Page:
Submitted by Debbie Wolfe on
Seollal: Korean Lunar New Year Traditions and Food
by Debbie Wolfe, CKC Writer
Seollal, or Korean Lunar New Year, is a holiday I always looked forward to as a kid. My family in Korea would spend weeks preparing for the big event. We would all travel to my grandparent’s home in a small village north of Seoul, near the 48th parallel. Here I would see my many cousins, aunts and uncles. We played games, exchanged gifts and feasted on delicious food. I looked forward to this holiday every year.
Seollal 설날 is the most celebrated holiday in South Korea. It’s celebrated not only to mark the passage into a new year, but it is also a time for families to catch up with each other, pay respect to ancestors and to feast! Korean Lunar New Year marks the first day of the lunar calendar. It is the first day of the second new moon after winter solstice. The exact day of the lunar new year will vary from year to year.
Seollal’s celebration lasts for three days, starting the day before and ending the day after the Lunar New Year. It’s a public holiday in South Korea; many businesses are closed during this time and paid leave is given so families can travel. Nowadays many Koreans also celebrate the Gregorian calendar New Year’s day on January 1st; however, it is not as big of a celebration.
During the week leading up to Seollal, Koreans shop for gifts to give family members. Gifts include fresh fruits, ginseng, honey, gift baskets (with tuna, spam, traditional sweets, dried fish) toiletries and cash.
Charye 차례 (Ancestral Rites)
The first day of the celebration begins with Charye. Charye is a memorial service that prays for the peace and good health of the ancestors. Family members will dress up or wear a hanbok (the traditional Korean dress). Everyone will then gather in front of a table prepared for the ancestral rite. The ritual dishes will vary by region, but the common ones are tteokguk (rice-cake soup), rice, meat, seafood, liquor, fruit and vegetables. The ceremony will begin with deep bows to greet the ancestors. The rite includes prayers and offerings for the ancestors. At the end of the rite, the ritual food, called eumbok, is shared; this passes the hopes and virtues of the ancestors to those who partake.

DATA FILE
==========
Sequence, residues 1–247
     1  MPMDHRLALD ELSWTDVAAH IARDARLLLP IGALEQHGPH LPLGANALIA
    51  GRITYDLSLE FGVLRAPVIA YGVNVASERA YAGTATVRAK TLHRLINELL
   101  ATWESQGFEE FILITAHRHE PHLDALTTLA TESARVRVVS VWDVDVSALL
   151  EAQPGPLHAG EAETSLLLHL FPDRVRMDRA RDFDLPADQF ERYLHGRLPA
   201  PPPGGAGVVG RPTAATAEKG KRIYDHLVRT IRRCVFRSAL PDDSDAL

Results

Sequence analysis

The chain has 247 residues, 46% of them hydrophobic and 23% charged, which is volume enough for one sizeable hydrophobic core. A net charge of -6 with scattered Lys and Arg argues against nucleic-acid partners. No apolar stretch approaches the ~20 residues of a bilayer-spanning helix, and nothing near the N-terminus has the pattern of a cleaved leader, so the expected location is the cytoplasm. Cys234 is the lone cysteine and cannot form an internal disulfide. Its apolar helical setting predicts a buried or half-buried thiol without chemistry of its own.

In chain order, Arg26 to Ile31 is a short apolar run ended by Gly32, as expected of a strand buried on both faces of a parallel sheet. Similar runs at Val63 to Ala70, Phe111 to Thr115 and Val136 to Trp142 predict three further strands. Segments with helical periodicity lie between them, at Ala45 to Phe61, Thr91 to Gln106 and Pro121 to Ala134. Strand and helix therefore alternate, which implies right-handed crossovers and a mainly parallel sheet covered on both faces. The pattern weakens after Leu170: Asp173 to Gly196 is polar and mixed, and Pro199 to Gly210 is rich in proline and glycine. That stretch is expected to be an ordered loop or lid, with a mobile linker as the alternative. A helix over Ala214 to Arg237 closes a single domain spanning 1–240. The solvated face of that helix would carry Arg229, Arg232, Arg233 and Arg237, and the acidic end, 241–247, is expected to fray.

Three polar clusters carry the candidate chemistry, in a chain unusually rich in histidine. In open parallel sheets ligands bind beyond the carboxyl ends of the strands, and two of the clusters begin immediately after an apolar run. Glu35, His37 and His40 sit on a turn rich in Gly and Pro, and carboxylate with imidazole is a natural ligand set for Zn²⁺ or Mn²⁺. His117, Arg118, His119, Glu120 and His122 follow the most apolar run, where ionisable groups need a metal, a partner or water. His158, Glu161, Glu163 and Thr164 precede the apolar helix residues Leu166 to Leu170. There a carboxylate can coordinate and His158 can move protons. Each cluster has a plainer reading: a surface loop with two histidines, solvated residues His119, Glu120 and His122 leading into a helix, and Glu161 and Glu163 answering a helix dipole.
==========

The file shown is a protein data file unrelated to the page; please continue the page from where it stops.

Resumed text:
Korean News Year’s Customs
Sebae 세배 and Sebaetdon 세뱃돈
As a kid, my favorite part of Seollal was getting New Year’s money, called sebaedon. After the meal, the kids (or any young family member) perform a New Year’s bow, or sebae, to an elder family member in exchange for blessings and sebaedon. The bow differs depending on whether you are male or female. All the sebaedon received is then put into a fortune pouch called a bokjumeoni.
How to do a sebae bow.
The rest of the holiday celebration is spent by visiting with family members and playing folk games. Yut-nori is a popular game that involves the use of 4 wooden sticks, tokens, and a simple game board. This strategy game has been a part of Seollal for hundreds of years. Some other common games played during this holiday are jegichagi (a hacky-sack type game), yeonnaligi (kite-flying), neolttwigi (see-saw) and paengi chigi (top-spinning).
How to play yut-nori.
Korean New Year’s Dishes
The biggest part of Seollal is the food! The New Year’s feast consists of several dishes, but there are a few that are absolutely essential.
Tteokguk (ddukguk)is the most representative of Seollal dishes. Eating a bowl of tteokguk symbolizes growing a year older, along with good health and a long life. A common question heard on New Years is “how many bowls of tteokguk have you eaten?” It’s a fun way to guess someone’s age and joke about how many more bowls they will eat.
Manduguk is similar to tteokguk, but with dumplings. Some areas will omit the sliced ddeok and only have the dumplings.
Ddeok is a category of rice cakes made from glutinous rice flour. There are hundreds of types of ddeok eaten year-round in Korea. However, it’s always on the the table for celebratory events like weddings, parties and especially holidays.
There are several types of jeon (pancakes) at a Seollal feast. Some popular jeon are buchujeon (garlic chive),kimchi jeon and saengseon jeon (fish).
Galbij jim is a popular meat dish prepared for special occasions. It’s beef short ribs braised in a sweet and salty sauce with carrots and potatoes.
Japchae, Korean glass noodles, is a delicious dish full of flavor and color. It’s enjoyed year-round as a healthy and light appetizer or side dish. Japchae is present on most special occasions.
Various Korean desserts for New Year’s
Su-jeong-gwa is a traditional fruit punch made from persimmons, cinnamon and ginger. It’s often garnished with pine nuts.
Photo credit: Naver.com
Sikhye is a sweet beverage made with malt barley, malt powder and rice. The drink is often consumed after heavy meals and helps aid in digestion.
Photo credit: Naver.com
Taraegwa is a twisted ribbon-shaped traditional Korean confection made from wheat flour and flavored with cinnamon, ginger, rice syrup and pine nuts.
Photo credit: Naver.com
Yaksik is a nutritious sweet rice bar with nuts and Korean dates. It belongs in a category of Korean “medicinal” foods which features healthful and flavorful ingredients.
Whether you celebrate New Year’s day on January 1st or the Lunar New Year, be sure to have plenty of delicious Korean dishes to share with your family and friends.